What we learned during the Patriots’ 30-23 win over the Atlanta Falcons on Sunday night:
No Vince, no problem?
There has been plenty of discussion as to whether the Patriots are an elite defense or not. Losing Vince Wilfork for any significant period of time would significantly alter that debate, and there was the big defensive tackle leaving the field on a cart after suffering an ankle injury on the 10th play from scrimmage, a potentially damaging blow if it lingers.
Give New England credit for making it a non-factor. So far. Exploding from a stance and smashing into monstrous offensive lineman dozens of times a game requires a solid base, especially if you’re 325 pounds. Obviously, this one bears watching as the week progresses.
Run, Patriots, Run
New England’s first touchdown drive was a thing of beauty if you like physical football. It also had wonderful symmetry; one pass, 10 runs and one pass, the score coming on a 1-yard strike from Tom Brady to Matthew Mulligan. The 10 rushes yielded 51 yards and helped the Pats keep the ball for over six minutes of action. That’s a recipe for winning on the road.
There was some nice play-action success on a drive that resulted in a tiebreaking field goal in the third quarter. The early success running the football certainly helped in that regard. And when LeGarrette Blount rumbled 47 yards for a score and a 20-10 lead late in the third, it was evident that the ground game was New England’s ticket to a 4-0 start.
New England did a nice job of dominating teams on the ground in 2012. It has put forth back-to-back solid showings, outrushing its last two opponents 288-155.
The fickle beast that is the Patriots fanbase waited less than one game into Kenbrell Thompkins’ career to question his ability to handle the offense. Those questions have been quashed with back-to-back solid efforts for the rookie, who had two touchdowns against Tampa Bay in Week 3 and collected six catches for 127 yards in this one.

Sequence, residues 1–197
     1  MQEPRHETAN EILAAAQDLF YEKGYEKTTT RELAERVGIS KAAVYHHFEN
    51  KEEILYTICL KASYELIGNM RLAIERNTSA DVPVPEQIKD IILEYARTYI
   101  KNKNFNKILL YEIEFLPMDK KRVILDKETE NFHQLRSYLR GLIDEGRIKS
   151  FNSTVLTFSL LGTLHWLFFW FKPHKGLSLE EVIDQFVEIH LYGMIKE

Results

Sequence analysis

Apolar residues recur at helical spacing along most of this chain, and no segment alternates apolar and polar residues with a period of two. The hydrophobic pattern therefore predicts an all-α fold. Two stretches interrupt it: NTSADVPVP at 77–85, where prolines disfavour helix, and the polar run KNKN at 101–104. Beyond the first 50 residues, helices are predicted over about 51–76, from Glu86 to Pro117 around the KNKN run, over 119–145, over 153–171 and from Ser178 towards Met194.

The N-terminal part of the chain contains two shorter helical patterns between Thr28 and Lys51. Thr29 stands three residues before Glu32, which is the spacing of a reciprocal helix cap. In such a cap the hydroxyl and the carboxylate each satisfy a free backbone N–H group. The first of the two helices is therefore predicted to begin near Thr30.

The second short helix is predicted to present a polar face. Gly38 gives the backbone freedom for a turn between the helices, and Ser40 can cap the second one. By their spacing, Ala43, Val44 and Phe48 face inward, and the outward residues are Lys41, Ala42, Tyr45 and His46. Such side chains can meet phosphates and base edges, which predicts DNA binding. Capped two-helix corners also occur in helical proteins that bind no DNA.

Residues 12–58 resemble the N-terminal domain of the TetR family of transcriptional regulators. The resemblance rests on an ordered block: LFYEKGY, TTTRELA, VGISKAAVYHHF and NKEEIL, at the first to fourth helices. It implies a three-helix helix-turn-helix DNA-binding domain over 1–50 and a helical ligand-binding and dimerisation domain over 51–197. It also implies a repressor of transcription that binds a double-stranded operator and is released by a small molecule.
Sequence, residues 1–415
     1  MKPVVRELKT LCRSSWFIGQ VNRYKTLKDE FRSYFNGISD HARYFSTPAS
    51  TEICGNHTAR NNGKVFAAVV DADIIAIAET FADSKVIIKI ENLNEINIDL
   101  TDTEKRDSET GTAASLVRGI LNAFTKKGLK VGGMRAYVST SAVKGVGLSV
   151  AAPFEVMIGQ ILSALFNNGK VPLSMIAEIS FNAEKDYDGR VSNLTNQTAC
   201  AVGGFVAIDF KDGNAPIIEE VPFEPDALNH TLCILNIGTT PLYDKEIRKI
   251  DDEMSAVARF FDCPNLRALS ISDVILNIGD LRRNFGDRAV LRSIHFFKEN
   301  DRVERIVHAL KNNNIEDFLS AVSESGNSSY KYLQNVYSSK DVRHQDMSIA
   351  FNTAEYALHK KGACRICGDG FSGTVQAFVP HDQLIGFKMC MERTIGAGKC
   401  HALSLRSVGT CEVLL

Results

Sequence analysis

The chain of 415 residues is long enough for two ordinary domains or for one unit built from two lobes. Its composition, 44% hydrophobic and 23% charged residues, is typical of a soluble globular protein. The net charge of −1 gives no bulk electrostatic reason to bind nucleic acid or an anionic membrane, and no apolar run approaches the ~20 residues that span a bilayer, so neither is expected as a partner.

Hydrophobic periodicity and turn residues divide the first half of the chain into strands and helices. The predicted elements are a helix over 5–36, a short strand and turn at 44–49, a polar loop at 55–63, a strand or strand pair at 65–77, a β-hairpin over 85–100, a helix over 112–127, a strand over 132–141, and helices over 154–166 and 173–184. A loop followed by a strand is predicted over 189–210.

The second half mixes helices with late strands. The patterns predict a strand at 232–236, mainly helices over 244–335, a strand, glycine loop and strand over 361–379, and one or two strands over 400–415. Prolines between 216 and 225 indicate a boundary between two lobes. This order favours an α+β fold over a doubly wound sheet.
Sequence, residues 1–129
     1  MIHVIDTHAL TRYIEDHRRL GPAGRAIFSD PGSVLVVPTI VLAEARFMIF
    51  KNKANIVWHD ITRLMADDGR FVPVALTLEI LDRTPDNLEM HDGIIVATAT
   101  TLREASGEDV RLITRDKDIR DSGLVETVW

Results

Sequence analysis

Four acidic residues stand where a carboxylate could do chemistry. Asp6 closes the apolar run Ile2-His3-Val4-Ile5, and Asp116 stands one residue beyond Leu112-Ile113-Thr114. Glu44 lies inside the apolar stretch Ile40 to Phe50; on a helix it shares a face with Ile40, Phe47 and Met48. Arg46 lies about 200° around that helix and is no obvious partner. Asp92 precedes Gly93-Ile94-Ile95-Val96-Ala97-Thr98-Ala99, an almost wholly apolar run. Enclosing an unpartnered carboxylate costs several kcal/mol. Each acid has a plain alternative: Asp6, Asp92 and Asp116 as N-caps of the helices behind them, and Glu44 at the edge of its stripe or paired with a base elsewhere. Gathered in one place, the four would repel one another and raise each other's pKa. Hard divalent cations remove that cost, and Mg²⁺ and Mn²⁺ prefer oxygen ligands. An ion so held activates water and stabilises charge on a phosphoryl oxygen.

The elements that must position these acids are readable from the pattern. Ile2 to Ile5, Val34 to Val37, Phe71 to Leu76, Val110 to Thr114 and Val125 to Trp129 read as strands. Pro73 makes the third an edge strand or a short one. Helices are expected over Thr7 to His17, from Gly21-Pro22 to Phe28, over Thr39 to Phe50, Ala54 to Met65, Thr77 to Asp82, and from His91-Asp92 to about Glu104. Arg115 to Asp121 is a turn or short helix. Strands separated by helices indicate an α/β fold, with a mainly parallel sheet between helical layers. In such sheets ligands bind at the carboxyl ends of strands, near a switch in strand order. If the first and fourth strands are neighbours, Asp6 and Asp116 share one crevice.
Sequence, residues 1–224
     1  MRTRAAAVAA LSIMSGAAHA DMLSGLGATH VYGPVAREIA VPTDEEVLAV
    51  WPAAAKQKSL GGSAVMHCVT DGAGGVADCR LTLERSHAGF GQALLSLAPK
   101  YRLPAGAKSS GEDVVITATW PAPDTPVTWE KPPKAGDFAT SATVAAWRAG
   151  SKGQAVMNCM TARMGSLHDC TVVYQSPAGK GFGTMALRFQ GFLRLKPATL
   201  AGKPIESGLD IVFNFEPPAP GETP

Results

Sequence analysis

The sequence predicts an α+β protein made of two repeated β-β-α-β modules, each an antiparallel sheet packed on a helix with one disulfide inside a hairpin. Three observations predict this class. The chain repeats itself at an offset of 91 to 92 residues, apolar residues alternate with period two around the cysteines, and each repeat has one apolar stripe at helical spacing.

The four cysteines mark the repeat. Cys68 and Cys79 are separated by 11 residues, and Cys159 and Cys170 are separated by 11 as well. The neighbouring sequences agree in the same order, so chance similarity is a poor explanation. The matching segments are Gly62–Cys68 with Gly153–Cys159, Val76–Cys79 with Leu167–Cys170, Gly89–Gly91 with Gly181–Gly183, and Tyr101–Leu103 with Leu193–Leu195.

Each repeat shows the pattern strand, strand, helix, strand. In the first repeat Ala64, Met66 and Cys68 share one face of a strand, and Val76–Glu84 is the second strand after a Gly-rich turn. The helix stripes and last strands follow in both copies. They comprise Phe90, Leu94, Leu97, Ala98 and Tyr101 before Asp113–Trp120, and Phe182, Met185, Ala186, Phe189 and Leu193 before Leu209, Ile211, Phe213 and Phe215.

Included in that haul was a 49-yard highlight reel-worthy grab in the first half, a 26-yard catch on third-and-19 just prior to the Blount TD run and an over-the-shoulder beauty for an 18-yard score to give New England a 26-13 advantage with 9:50 left. Brady targeted Thompkins on 11 of his 31 passes.
Thompkins did have a couple more notable drops. Chances are the critics are too few to make much noise about that.
Aqib Talib continued his solid play by blanketing Falcons star receiver Julio Jones for much of the game. Talib deflected four passes, including the decisive one on Atlanta’s last-ditch lob to the end zone with 35 seconds left, and helped New England’s cause with an interception – his fourth in a span of nine quarters – with just over eight minutes remaining.
Talib did his fair share of talking to Jones, especially early. He certainly backed it up with a dominating performance as Jones becomes the latest No. 1 guy (look at the results against the Patriots for Vincent Jackson, Santonio Holmes and Stevie Johnson) to struggle against New England.
Alfonzo Dennard was on Jones late in the game, when the Atlanta standout began to make some noise. And it was Jones outmuscling Devin McCourty for a huge 49-yard catch on the Falcons’ final possession. Jones showed on that catch just how good he is, but he was limited until Atlanta’s late flurry.
It would take plenty to change the overall opinion on Brady, if that’s even possible, and he had some nice moments Sunday night. But even factoring in the limited personnel around him this year, Brady has been shaky at times.
Even before he fumbled a snap on a fourth-down attempt with less than two minutes remaining – the second time this year he has done so – Brady had a small collection of overthrows and underthrows and never saw some open guys at times, most notably Brandon Bolden on a third-and-goal in the third quarter.
Brady is Brady, but sometimes he’s a little less than that. Perhaps that’s a compliment when someone throws for 316 yards, two touchdowns and no interceptions.